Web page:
The best way to explore the château today is to let your curiosity guide you. Allow yourself to be drawn by a particular smell or sound, or simply pass from room to room by opening a few doors... and discover the collection of contemporary art!
The château of Oiron was built from the 16th century onwards by a family of powerful patrons, and was therefore always destined to be a sumptuous setting with spectacular décor, including a stunning gallery of painted murals in the School of Fontainebleau style, an exceptional collection of painted woodwork, sculptures and historical pieces from the 17th century. But that’s not all! Since 1993, it has housed a collection of contemporary art not found anywhere else in France, known as “Curios & Mirabilia” (curiosities and marvels). This collection was created in memory to Claude Gouffier (the lord of the château), a major art collector. It covers the theme of Renaissance curiosities, with pieces that focus on people and nature.
© Christian Boltanski - ADAGP - Caption: "Les Écoliers d'Oiron” portrait gallery, Christian Bolstanski. Public commission, CNAP collection, FNAC inventory.
Christian Boltanski’s approach – replacing ancestors with descendants in the portrait gallery – is not simply a question of paradox. It reflects the replacement of selection by birth with equal opportunities under republican democracy – out with family lineage and in with demographic group. Children from Oiron school, now anonymous and ordinary-looking in their sweatshirts, are ready to make their own reputation in the future. Perhaps one day, that unassuming child (third from the right on the fourth row) will become famous for his or her exploits. In the meantime, all the children are aligned for the traditional school photo, ready for Boltanski’s shoot, covering the large part of the top picture rail. Just like individual children’s portraits, these photos are also sociological documents. They are snapshots of a moment in time, rather than illustrations.
Caption: The Dining Room - © Raoul Marek - ADAGP
© Raoul Marek - ADAGP - Caption: The Dining Room, by artist Raoul Marek. Public commission, CNAP collection, FNAC inventory.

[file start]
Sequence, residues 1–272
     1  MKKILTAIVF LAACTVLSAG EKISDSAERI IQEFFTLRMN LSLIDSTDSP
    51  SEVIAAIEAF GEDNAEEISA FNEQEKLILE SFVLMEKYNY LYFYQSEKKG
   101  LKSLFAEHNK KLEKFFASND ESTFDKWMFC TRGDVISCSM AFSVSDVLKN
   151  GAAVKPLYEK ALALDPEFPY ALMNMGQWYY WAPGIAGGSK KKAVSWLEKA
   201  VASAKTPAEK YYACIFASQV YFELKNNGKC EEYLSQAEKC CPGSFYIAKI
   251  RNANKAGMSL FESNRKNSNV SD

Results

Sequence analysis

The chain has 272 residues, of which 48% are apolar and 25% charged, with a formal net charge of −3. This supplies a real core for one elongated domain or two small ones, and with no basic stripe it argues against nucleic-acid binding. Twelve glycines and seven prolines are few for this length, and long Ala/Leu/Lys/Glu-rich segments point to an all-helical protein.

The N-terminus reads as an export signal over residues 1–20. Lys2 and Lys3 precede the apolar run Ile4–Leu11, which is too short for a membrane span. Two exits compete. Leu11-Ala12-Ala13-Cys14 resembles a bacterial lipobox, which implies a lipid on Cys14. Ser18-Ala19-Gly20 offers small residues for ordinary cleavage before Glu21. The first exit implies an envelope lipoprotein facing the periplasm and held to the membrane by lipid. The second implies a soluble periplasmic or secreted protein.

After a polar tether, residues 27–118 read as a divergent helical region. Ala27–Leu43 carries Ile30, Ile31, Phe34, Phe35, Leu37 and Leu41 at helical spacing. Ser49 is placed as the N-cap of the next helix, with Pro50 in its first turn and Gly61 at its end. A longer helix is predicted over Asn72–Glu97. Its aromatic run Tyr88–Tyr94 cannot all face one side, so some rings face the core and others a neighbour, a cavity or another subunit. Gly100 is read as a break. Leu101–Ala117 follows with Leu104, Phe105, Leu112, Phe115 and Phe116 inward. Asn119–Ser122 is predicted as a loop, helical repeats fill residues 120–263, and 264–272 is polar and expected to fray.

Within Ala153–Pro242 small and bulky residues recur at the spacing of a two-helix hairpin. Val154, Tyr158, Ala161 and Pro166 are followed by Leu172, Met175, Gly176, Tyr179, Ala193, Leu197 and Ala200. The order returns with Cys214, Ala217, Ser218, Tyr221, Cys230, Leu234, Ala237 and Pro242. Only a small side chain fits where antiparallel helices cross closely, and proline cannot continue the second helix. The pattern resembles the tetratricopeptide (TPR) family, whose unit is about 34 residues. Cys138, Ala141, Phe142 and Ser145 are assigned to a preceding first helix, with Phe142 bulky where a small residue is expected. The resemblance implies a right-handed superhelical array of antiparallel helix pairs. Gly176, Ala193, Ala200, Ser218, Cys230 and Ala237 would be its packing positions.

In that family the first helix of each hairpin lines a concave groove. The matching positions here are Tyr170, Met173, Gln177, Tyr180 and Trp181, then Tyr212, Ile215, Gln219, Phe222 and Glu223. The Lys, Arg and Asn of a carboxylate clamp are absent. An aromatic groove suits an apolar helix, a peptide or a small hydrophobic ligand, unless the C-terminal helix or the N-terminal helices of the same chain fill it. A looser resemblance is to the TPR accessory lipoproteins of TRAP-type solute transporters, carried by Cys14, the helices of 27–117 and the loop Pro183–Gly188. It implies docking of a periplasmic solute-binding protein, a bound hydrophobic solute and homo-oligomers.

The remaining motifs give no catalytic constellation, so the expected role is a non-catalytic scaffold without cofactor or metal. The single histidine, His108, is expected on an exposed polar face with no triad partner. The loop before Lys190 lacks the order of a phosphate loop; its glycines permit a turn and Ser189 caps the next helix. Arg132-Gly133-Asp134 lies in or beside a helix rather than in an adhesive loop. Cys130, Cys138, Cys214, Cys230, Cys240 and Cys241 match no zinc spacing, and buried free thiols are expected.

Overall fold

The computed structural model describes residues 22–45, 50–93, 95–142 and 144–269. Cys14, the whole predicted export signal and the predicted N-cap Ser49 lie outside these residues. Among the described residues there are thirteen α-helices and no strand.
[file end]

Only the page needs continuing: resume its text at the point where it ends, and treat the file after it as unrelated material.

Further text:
On June 30th each year, Raoul Marek invites 150 local residents of Oiron to a sumptuous meal to celebrate the historic ties between the village and the château. Each guest has a personalised place at the banquet table, in the monument’s Salle d’Armes. Guests can easily find their place by looking for their personalised plate. For the rest of the year, the “dinner set” is exhibited in a triple frieze on the walls of the dining room. Using these everyday objects, Marek creates a timeline of the local population. Each plate bears the silhouette of its owner’s face, providing a snapshot of the person’s past. The glasses, engraved with the person’s initials, symbolise the present between birth and death. The serviette, meanwhile, features a print of the owner’s left hand, looking to the future. As soon as it is created, this testimony to the present is condemned to become a historical document, part of the regional memory. It is a sign that will continue to communicate for posterity…
© Georg Ettl - ADAGP - Caption: The Galerie des Chevaux, The Oiron Horses, by artist Georg Ettl. Public commission, CNAP collection, FNAC inventory.
Georg Ettl’s frieze, which replaces the former paintings depicting some of the king’s finest horses and created in the 16th century, is a decorative interpretation of the same theme. For this particular piece, he used crushed charcoal applied with a brush to create the contours of the horses. The thickness reflects the thickness of the marks painted on the walls, designating the studs from Italy and Spain, which produced the very best chargers, identified with the iron branding mark on their flanks.
© Daniel Spoerri - ADAGP - Caption: Salle d'Armes, Body Parts, by artist Daniel Spoerri. Public commission, CNAP collection, FNAC inventory.